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March 12, 2009 PowerPoint Presentation
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March 12, 2009

March 12, 2009

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March 12, 2009

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  1. World Kidney Day March 12, 2009

  2. WHY WORLD KIDNEY DAY?

  3. WORLD KIDNEY DAY (1) PURPOSE: • World Kidney Day was established to increase awareness of the need for detection programs for CKD & to improve prevention & treatment of CKD. 2.The motto of World Kidney Day: Kidney Disease is Common, Harmful and Treatable.

  4. About 20 Million People With Chronic Kidney Disease (CKD) in the United States and ~20 Million More at Risk Estimates Suggest That About 10 Percent of Adult Patients Worldwide May Have CKD

  5. Most People with CKD will Die Prematurely from their Increased Risk of Cardiovascular and Cerebrovascular Disease Before they Develop End-Stage Kidney Failure

  6. Dialysis Mortality: 20%General PopulationvsESRD Dialysis Patients RN Foley, PS Parfrey, and MJ Sarnak; Clinical epidemiology of cardiovascular disease in chronic renal disease  AJKD, 1998 32(5):S112-S119

  7. Primary Diagnoses for Patients Who Start Dialysis Other 10% Diabetes 50% Glomerulonephritis 13% Hypertension 27% United States Renal Data System (USRDS) 2005 Annual Data Report • WWW.USRDS.ORG

  8. WHY WORLD KIDNEY DAY? Chronic, non-communicable diseases (i.e. CVD, HTN, DM and CKD) have now replaced communicable diseases as the LEADING THREAT to public health & health budgets worldwide Deaths… Attributed to infectious diseases will decline by 3% over the next decade Attributed to chronic diseases will increase by 17% over the same time frame

  9. Interconnections Between Obesity, Diabetes Mellitus, High Blood Pressure, and Chronic Kidney Disease (CKD)

  10. Interconnections Between Obesity, Diabetes Mellitus (DM), High Blood Pressure, and Chronic Kidney Disease (CKD) Relationships between Obesity, Diabetes & CKD: i. Obesity predisposes to both Diabetes & CKD ii. Diabetes is the most common cause of end-stage CKD that requires chronic dialysis treatments or renal transplantation iii. Roughly one-third of people with Diabetes will develop CKD

  11. Interconnections Between Obesity, Diabetes Mellitus, High Blood Pressure, and Chronic Kidney Disease (CKD) Relationships between Obesity, Diabetes & CKD: (continued) iv. Diabetes is easy to detect, can be prevented in most cases, and can usually be treated effectively in most cases.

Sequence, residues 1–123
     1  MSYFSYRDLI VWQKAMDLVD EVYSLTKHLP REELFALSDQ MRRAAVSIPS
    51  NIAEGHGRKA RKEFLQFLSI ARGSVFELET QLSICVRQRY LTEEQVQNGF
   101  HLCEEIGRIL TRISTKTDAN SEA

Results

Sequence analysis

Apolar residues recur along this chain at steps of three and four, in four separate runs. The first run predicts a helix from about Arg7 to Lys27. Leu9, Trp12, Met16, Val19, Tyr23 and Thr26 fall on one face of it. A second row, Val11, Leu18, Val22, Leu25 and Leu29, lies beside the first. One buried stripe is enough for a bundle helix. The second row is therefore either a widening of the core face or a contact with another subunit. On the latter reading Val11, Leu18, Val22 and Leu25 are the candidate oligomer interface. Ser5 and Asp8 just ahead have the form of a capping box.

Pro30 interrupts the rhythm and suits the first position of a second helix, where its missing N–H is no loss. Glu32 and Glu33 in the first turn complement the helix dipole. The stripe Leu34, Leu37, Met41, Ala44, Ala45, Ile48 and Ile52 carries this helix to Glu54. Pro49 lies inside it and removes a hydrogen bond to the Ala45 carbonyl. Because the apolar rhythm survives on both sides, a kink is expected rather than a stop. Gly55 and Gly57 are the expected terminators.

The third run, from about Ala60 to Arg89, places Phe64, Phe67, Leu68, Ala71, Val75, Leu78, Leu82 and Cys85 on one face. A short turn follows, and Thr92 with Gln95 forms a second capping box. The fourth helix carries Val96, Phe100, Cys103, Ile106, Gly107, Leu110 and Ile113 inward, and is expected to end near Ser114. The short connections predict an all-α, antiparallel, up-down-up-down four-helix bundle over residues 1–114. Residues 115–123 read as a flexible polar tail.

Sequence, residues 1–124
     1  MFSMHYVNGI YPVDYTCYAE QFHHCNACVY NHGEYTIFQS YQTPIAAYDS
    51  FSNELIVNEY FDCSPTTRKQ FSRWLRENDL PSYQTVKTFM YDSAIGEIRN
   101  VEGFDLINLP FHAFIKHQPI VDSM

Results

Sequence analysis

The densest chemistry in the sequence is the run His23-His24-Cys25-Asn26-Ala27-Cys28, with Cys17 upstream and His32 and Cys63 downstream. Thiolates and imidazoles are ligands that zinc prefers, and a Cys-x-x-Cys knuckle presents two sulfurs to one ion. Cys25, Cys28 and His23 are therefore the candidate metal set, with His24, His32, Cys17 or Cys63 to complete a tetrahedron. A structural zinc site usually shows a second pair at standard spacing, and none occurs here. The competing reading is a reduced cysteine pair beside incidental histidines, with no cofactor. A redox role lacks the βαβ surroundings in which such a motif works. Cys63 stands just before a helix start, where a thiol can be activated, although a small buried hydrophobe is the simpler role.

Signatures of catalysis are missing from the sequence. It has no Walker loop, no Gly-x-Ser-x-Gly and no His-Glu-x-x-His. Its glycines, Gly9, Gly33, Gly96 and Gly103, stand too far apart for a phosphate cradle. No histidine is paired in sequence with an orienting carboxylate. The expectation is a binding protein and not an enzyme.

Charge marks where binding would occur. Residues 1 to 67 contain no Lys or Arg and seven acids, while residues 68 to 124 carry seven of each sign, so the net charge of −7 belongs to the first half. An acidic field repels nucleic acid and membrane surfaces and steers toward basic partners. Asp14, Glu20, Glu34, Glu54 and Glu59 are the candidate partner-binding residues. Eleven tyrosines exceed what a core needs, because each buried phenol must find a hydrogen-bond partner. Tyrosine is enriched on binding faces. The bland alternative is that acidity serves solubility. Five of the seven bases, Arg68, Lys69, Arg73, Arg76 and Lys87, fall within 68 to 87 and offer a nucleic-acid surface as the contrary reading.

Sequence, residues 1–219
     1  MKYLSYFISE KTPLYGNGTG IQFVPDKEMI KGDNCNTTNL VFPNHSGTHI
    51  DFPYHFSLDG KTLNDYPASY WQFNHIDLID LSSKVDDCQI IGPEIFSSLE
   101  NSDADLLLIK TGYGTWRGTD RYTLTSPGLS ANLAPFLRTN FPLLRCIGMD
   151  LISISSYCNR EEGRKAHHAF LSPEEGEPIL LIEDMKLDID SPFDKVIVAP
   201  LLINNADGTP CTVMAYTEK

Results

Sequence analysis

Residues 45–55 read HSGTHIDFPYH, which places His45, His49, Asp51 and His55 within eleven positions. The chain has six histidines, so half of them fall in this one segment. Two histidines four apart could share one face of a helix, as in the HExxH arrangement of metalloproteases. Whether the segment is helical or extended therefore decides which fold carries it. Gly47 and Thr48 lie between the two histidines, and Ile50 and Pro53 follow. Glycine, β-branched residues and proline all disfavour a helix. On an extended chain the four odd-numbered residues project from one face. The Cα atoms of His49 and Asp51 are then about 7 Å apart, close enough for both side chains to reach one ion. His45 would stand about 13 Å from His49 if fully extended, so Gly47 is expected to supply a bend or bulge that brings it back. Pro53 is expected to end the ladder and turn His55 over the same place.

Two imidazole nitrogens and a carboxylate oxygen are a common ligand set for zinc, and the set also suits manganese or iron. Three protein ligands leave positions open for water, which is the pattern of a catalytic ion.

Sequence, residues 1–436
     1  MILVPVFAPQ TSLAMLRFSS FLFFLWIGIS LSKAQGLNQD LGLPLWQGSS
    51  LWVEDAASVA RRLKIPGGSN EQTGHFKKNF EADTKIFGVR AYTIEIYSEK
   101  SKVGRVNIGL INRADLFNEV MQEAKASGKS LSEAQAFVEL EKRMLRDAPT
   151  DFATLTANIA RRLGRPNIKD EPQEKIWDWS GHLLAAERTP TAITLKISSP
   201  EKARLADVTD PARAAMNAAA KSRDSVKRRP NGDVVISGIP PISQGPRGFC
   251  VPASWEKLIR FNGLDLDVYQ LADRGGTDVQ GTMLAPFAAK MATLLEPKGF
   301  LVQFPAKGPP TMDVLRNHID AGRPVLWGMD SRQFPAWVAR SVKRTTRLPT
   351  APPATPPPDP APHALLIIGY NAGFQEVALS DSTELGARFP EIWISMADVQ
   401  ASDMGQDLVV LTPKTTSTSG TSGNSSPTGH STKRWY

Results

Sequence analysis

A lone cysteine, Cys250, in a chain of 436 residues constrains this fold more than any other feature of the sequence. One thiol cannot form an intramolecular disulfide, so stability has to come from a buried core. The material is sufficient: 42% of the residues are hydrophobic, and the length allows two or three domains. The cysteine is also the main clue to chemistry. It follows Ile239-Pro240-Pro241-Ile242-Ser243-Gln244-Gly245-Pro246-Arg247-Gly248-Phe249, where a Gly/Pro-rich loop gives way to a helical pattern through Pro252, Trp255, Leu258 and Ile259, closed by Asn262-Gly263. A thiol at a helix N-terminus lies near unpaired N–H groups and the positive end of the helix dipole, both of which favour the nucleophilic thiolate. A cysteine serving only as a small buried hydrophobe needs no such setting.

12. Interconnections Between Obesity, Diabetes Mellitus, High Blood Pressure, and Chronic Kidney Disease (CKD) Relationships between CKD & high blood pressure: i. High blood pressure, like chronic kidney disease (CKD), is often silent and dangerous. ii. High blood pressure causes CKD. iii. CKD causes High blood pressure. iv. Both CKD and Hogh blood pressure are common and treatable.

  13. Interconnections Between Obesity, Diabetes Mellitus, High Blood Pressure, and Chronic Kidney Disease (CKD) Relationships between Obesity, Diabetes, CKD, High blood pressure versus Vascular Disease: 1. Each of the above four conditions increase the risk for Cardiovascular and Cerebrovascular Disease. 2. This risk is often markedly increased. 3. Together these 4 diseases (Obesity, Diabetes, CKD and high blood pressure) cause a large percentage of the illnesses and deaths in the Developed and the Developing World.

  14. Interconnections Between Obesity, Diabetes Mellitus, High Blood Pressure, and Chronic Kidney Disease (CKD) What can We do to Prevent and Treat these Related Diseases and Their Harmful Effects?

  15. Challenges of CKDManagement problems, enormous everywhere, are particularly great, even overwhelming, in developing countries:1. Little awareness of CKD or its consequences 2. Few financial resources for prevention, detection or treatment 3. Little expertise4. High prevalence of CKD

  16. What Can Be Done (1)? 1.Advertise/Educate i. The public-at –large ii. National, regional and local governments, insurers and other health related organizations (eg, the pharmaceutical industry) iii. Health care professionals (There is abundant evidence that medical care is suboptimal nationally, even when financial resources are not a limiting factor).